Although the ringing site is distinctly unglamorous since then it has had some interesting movements.
March and then December 2007 saw it in northern Spain. In 2010 it was on the Atlantic coast of France, also in March and December. It was in Somerset in February 2012, it then went missing before being recorded in France again in early 2017. The last place it was recorded before turning up at Hoylake was in another landfill site, this one in Wiltshire, in December 2017.
There are no breeding season records but it's presence at Hoylake in August suggests it may breed north of here, or perhaps over in Ireland.
Richard Smith. Colour-rings were also recorded by Tim Kinch, Steve Hinde, Matt Thomas, Graham Jones, Tate Lloyd, Les Hall and Elliot Montieth.Top of Page
The bird of the month was undoubtedly the Bonaparte's Gull which is covered in the above article, closely followed by the reappearance of the Spotted Crake seen on the main scrape at Burton Mere Wetlands on several days around the middle of the month.
Several days of windy weather brought same great sea-watching including 35 Arctic Skuas and four Great Skuas from Hilbre on the 24th, two Grey Phalaropes were recorded on the same day and on the 27th there was a brief glimpse of a juvenile Long-tailed Skua at Hoylake.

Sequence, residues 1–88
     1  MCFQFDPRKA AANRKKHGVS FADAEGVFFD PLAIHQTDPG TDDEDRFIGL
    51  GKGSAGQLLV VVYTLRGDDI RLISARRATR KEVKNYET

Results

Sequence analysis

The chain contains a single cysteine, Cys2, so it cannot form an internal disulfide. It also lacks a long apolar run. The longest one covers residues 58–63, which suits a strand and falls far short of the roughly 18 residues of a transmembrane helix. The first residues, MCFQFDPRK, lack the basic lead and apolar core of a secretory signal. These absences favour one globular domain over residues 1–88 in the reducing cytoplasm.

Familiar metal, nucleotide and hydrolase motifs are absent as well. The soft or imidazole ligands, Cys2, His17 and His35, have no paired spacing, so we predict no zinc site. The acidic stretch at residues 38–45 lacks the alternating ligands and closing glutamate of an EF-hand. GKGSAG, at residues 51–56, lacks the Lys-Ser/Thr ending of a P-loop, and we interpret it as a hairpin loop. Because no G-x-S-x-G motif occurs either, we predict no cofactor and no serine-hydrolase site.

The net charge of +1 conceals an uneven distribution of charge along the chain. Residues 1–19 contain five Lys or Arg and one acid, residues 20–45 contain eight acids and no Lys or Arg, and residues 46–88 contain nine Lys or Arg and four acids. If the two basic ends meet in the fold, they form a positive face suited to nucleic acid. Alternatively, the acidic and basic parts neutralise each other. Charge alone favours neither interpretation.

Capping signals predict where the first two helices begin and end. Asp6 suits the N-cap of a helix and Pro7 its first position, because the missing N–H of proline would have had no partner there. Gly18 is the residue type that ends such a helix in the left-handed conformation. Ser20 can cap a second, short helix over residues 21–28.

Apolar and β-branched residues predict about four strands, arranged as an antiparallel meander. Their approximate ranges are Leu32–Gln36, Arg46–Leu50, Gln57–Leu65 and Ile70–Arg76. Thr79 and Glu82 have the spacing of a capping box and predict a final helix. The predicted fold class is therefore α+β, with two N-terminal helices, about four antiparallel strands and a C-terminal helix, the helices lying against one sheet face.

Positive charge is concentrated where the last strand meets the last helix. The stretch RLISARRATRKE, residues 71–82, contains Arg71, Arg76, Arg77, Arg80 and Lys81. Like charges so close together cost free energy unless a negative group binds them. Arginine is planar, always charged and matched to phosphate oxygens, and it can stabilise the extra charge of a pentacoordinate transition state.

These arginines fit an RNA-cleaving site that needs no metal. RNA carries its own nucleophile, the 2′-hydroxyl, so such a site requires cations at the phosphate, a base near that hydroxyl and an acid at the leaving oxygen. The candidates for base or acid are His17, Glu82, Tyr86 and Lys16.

There were seven four-figure counts of Sandwich Terns through the month although the number of Common Terns recorded was low. At Gronant Little Tern colony it was another record breaking season, despite Storm Hector, with 174 pairs (a record) producing 192 fledglings (third highest). Gronant seems to be so productive at the moment that it seems to be drawing in birds from other, smaller, colonies.
The sight of up to 6,000 Black-tailed Godwits in one small field next to the busy A540 at Caldy seems almost bizarre when you think that's almost 10% of the entire Icelandic (Islandica) population. A count of 175 juveniles means they had a reasonably good breeding season although not as good as last year's exceptional season. It is certainly a spectacular sight watching them flying in from the estuary before high tide. 30 Greenshank at Parkgate was a good count, scarcer waders included a Wood Sandpiper at Burton Mere Wetlands early in the month and a couple of records of adult Curlew Sandpipers, but no juveniles yet. So far the passage of small waders has been fairly small, and we await the return of the main body of Knots with some anticipation hoping we will see plenty of ringed ones. Other notable records included a long staying Cattle Egret, four Spoonbills and a Ruddy Shelduck - all at Burton Mere Wetlands.
Also see Tides page.
10th September, 12.20hrs (BST),
11th September, 13.03hrs (BST), 9.9m.
12th September, 13.43hrs (BST), 9.7m.
Organised by the Wirral Ranger Service , Flintshire Countryside Service and the RSPB (Dee Estuary): All these events and walks have bird interest, even those not advertised specifically for birdwatching. No need to book for these events unless specified - please check below.